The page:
Wintertime in Southern California requires our farmers to dig a little deeper than usual. While carrots, beets, and other root veggies are available across multiple seasons, they reach their peak flavor when hit by a little colder weather. Carrots and root vegetables are especially sweeter now that we've had a frost, lending a superb depth to soups and doing just fine with a good roasting. The reason for the sweetening? The colder weather converts the starches into sugars to help the vegetables get through the colder months. Their survival technique is our flavor gain.
Another set a vegetables that benefit greatly from the cold weather are greens: spinach, arugula, and kale specifically. Spinach that's survived a good frost tastes unlike any summertime spinach you've ever had. It's complex, with a sweetness reminiscent of springtime sugar snap peas. The harvests for this weekend's markets should be especially tasty. Spinach will be sweet. Arugulas will still be peppery, but will mellow significantly compared to their high heat summertime zing. Kales will undergo a similar flavor change, sweetening up and losing some of their bitter edge.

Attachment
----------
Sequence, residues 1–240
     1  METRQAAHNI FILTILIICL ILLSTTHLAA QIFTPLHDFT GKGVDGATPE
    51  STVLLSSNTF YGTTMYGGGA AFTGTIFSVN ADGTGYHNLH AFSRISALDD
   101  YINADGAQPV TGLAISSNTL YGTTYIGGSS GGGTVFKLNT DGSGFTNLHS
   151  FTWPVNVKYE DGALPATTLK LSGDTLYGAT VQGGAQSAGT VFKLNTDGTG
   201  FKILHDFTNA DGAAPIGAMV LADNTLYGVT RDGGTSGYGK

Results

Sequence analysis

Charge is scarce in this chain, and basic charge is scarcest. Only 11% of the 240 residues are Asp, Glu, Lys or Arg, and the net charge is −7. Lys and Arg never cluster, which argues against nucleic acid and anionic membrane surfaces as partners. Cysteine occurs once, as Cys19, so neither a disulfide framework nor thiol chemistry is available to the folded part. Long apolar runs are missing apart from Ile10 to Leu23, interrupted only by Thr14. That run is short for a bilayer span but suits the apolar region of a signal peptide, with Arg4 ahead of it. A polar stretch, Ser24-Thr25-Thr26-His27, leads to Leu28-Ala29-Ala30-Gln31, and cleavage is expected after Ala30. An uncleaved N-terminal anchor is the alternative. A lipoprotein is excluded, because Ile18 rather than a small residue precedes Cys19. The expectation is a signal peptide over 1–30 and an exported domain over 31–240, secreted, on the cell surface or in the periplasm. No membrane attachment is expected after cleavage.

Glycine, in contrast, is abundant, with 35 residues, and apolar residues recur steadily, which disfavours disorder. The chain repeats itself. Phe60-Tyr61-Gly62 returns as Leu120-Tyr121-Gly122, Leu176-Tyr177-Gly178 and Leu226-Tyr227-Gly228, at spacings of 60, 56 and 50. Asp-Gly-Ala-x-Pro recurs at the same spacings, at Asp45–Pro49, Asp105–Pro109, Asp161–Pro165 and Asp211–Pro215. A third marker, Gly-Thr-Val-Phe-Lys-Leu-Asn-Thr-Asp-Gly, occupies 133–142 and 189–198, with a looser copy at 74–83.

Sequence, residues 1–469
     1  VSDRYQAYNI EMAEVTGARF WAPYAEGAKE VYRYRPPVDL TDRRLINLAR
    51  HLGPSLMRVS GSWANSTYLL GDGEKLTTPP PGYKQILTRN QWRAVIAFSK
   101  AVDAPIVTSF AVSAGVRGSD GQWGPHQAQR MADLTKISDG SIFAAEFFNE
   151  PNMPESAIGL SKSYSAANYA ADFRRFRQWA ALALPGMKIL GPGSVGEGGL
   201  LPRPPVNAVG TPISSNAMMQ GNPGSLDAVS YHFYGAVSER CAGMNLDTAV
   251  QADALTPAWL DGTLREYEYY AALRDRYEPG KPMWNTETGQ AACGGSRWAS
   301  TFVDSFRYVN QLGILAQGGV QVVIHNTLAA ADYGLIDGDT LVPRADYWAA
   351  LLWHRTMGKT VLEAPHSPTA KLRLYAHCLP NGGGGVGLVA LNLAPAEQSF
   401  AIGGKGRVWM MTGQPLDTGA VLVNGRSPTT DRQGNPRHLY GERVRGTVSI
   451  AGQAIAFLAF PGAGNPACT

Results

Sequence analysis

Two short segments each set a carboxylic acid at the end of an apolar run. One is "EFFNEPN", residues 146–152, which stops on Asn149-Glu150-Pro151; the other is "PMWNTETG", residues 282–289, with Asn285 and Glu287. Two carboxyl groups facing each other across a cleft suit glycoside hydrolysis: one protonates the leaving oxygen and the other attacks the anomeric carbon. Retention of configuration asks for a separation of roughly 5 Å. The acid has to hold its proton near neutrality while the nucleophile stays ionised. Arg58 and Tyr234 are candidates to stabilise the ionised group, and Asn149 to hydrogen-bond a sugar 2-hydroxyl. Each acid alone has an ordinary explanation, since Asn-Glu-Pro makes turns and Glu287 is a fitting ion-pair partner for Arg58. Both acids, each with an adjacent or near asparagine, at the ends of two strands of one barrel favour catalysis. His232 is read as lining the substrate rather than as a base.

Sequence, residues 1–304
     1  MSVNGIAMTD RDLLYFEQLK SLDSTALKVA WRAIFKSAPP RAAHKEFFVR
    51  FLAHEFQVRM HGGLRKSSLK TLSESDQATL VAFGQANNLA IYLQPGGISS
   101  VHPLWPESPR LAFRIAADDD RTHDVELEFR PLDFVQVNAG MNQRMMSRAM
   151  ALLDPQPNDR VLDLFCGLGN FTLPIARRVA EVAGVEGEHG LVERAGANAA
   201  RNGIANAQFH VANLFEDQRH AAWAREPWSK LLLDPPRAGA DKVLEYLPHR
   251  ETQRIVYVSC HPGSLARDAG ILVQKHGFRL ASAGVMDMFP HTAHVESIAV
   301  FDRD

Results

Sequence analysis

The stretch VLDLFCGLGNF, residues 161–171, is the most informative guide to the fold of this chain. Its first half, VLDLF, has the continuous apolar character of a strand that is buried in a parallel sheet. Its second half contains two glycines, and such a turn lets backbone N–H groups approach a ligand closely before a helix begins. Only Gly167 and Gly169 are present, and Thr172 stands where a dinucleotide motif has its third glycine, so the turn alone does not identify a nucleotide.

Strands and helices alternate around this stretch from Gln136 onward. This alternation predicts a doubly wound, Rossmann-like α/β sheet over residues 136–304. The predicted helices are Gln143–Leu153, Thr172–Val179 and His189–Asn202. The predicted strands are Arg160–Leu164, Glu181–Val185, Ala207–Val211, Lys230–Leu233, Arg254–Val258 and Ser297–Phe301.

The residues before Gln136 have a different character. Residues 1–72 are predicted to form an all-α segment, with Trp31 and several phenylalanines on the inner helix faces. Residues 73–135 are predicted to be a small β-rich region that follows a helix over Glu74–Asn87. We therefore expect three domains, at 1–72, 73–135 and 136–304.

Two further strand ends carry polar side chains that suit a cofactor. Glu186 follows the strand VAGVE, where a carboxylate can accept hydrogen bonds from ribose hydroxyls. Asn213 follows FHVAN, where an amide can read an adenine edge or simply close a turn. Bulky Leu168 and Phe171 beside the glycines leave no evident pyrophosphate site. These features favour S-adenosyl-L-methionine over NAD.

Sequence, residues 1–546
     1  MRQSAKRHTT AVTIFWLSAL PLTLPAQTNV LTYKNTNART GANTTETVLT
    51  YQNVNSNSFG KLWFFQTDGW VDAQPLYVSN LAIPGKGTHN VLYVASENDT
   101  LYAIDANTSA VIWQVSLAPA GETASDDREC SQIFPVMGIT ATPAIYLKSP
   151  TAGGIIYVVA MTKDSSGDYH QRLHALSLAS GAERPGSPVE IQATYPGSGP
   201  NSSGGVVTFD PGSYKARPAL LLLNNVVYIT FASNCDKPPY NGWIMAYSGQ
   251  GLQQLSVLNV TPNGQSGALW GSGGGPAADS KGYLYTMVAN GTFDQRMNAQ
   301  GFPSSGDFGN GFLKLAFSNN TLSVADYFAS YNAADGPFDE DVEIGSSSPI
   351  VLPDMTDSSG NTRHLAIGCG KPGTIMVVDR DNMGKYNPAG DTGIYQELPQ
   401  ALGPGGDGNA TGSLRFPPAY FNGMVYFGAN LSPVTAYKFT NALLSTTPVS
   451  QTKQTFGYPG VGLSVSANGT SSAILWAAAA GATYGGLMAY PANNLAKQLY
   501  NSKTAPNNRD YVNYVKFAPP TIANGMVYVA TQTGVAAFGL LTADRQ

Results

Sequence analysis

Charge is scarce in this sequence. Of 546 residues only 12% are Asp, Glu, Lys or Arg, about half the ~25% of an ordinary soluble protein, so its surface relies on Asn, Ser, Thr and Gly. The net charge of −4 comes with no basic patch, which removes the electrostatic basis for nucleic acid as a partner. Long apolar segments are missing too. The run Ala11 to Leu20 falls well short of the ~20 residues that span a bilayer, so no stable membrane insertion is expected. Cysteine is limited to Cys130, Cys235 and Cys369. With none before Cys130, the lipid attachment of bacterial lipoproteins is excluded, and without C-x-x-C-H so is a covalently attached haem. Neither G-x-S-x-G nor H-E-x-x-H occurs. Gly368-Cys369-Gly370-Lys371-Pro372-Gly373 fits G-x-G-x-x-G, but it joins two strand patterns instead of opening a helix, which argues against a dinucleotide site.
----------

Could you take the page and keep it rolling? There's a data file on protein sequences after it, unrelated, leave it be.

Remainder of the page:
The wintertime pest decline (fruit flies excepted) doesn't hurt either. Leaves on leafy greens are big and luscious, like newly sewn sails, with nary a pock mark or bug chomp in sight. In addition to flavor profiles changing, the winter greens hold up much better in long braises, bakes, and stews, which are perfect for warming up a cold winter kitchen.
Pasadena Farmers Market, Victory Park, North Sierra Madre Boulevard and Paloma Street, 8:30 a.m. to 12:30 p.m.
Torrance Farmers Market, Wilson Park, 2200 Crenshaw Blvd., 8 a.m. to 1 p.m.
Old Town Calabasas Farmers Market, 23504 Calabasas Rd., 8:00 a.m. to 1:00 p.m.
Long Beach Saturday Market (East Village), 400 East 1st Street, on 1st Between Elm and Linden, 9:00 a.m. to 2:00 p.m.
Santa Monica (Saturday, organic), 3rd Street at Arizona Avenue, 8:30 a.m. to 1 p.m.
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